Private Collection, Houston
Private Collection, Baltimore (gift of the above circa 1963)
Thence by descent to the present owner
“Although Calder was not quite the first or the last artist to set sculpture in motion, he sent volumes moving through space with more conviction and imaginative power – with more eloquence and elegance – than any other artist has. These are the works of a poet, but a poet guided by the steady instincts of a scientist.” (Jed Perl, “Sensibility and Science” in Exh. Cat., Los Angeles, Los Angeles County Museum of Art, Calder and Abstraction, from Avant-Garde to Iconic, 2013, p. 36)
Alexander Calder’s irresistible mobile Red Flowers exquisitely embodies the beautiful poetry, humorous wit, brilliant color, balletic precision, and compositional verve that earned Calder critical and popular accolades for decades and established him as one of the greatest masters of the sculptural tradition in the history of Western art. Created in 1954, Red Flowers captures the breadth of Calder’s fertile creativity, encompassing both bravado in its dazzling color and delicacy in its configuration. Executed at the very height of Calder’s critical and commercial aplomb, this spectacular mobile comprises the absolute essentials of Calder’s inimitable groundbreaking aesthetic expressed through the captivating and seductive monochrome red. As with the greatest mobiles of the 1950s that Calder produced, Red Flowers is wonderfully complex in the variety of its discrete constellations of elements and its diversity of movement.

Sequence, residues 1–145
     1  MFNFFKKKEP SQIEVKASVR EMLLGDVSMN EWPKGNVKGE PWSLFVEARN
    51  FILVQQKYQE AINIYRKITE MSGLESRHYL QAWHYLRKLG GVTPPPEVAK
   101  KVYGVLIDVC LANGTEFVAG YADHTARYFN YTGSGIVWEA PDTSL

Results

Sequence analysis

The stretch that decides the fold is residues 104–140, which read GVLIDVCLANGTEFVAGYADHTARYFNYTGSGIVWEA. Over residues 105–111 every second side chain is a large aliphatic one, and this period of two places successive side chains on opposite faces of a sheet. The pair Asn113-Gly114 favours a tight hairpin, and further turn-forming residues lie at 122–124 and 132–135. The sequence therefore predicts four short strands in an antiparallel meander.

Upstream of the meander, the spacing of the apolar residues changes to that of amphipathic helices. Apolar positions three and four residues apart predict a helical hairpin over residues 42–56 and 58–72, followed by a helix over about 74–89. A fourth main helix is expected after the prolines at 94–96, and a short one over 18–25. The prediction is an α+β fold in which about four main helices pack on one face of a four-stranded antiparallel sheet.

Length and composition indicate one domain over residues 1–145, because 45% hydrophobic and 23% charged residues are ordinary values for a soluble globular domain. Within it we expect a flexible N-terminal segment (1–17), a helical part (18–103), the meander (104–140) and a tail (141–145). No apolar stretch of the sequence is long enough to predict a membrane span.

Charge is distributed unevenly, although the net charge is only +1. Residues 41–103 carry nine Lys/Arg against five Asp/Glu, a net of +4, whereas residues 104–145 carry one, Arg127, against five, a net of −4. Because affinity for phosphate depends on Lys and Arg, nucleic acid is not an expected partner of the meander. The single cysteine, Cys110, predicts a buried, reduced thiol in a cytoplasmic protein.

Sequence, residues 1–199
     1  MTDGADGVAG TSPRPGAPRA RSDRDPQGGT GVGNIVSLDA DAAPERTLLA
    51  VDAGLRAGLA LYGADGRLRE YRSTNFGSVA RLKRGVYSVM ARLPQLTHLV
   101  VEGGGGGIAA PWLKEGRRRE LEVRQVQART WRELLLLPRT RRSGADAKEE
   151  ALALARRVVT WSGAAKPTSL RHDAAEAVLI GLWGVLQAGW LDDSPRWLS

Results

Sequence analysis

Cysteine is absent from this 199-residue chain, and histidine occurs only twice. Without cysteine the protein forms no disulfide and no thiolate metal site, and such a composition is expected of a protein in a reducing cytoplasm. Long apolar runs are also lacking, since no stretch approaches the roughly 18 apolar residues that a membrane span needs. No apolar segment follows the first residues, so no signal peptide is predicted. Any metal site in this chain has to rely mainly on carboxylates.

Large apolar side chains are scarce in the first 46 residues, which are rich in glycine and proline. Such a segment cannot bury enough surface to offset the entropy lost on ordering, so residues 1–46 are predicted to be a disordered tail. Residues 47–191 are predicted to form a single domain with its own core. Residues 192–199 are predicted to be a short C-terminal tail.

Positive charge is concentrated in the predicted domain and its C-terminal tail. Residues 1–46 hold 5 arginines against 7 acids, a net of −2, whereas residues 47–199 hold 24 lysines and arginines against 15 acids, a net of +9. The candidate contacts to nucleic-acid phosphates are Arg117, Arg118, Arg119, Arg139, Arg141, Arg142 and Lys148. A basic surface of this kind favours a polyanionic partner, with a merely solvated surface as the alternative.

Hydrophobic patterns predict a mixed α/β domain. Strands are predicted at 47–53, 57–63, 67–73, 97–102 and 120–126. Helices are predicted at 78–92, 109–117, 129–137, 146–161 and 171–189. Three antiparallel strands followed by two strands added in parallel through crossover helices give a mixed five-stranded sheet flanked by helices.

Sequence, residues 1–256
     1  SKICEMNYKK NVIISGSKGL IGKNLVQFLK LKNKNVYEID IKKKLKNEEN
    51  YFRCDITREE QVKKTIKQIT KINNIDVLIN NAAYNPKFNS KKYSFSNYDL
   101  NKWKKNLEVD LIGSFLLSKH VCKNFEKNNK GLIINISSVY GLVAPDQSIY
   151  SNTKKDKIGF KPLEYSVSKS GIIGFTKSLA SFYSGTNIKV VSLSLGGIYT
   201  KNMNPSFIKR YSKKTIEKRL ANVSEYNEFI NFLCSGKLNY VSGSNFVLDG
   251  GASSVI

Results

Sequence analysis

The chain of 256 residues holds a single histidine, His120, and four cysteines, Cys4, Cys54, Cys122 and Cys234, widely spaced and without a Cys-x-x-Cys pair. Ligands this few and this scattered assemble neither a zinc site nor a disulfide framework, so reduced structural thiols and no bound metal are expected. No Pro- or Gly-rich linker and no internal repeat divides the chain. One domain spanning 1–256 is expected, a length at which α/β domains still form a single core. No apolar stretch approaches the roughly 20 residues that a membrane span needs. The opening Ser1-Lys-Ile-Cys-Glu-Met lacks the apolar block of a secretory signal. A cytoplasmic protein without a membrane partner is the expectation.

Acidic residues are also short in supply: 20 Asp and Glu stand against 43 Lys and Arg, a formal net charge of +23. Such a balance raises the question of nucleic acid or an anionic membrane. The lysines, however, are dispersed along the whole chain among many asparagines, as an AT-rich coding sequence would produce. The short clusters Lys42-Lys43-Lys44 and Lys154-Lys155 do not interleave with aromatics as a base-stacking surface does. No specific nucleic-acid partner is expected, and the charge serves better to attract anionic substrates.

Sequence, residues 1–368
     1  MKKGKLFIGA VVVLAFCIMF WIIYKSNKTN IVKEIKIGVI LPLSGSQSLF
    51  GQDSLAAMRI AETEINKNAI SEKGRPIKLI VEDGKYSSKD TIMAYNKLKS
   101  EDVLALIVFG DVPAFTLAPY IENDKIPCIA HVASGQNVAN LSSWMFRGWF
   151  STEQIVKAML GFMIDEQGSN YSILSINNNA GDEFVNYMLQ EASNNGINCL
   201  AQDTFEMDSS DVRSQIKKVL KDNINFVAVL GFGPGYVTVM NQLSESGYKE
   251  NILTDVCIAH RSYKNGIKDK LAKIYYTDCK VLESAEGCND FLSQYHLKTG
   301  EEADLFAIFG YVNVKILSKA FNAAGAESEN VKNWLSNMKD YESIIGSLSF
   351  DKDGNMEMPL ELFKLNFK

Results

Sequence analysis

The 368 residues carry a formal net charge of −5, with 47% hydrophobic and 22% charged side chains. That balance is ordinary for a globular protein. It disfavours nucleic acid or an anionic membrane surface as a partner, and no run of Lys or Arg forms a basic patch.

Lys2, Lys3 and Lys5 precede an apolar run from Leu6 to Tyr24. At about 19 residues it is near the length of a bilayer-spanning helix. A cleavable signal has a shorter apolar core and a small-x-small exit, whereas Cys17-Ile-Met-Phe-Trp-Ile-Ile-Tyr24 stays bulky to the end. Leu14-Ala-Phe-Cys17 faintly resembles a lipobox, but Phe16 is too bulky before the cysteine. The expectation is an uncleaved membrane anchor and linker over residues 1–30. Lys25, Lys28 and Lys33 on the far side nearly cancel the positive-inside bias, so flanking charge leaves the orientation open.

Oscillating harmoniously, the solid forms and cut-out shapes of Red Flowers are fully integrated with the linear outlines and wires that map its geometric trajectory. In the late 1940s Calder began piercing certain components of his mobiles in an effort both to heighten their transparency and surface animation and, to a more technical end, adjust the physical and visual weight of the work as a whole. Calder stated: “When I cut out my plates I have two things in mind. I want them to be more alive, and I think about balance. Which explains the holes in the plates. The most important thing is that the mobile be able to catch the air. It has to be able to move.” (the artist in 1959, cited in XXE siècle, Homage à Calder, Paris, 1972, p. 98) The pierced red elements and discretely angular shapes are suspended in perfect counterbalance to one another in Red Flowers; as the slightest breath of air drifts through their apertures they begin to rotate smoothly and organically, in turn inspiring movement in the smaller leaves and discs that surround them. Branching out in a variety of directions that move independently when activated en plein air, Red Flowers is transformed into one of the most animated and lively mobiles in Calder’s corpus, taking full possession of the surrounding space as well as commandeering time as a fourth dimension in its own right. In a state of constant evolution, the bottom elements swing and sway in embracing, circular motions, altering the composition presented to the viewer from every angle and from moment to moment. It is a sculpture that gracefully and unpredictably moves within a given space, and fully celebrates Calder’s grand achievement in bringing sculpture off the pedestal and into the environment of the viewer.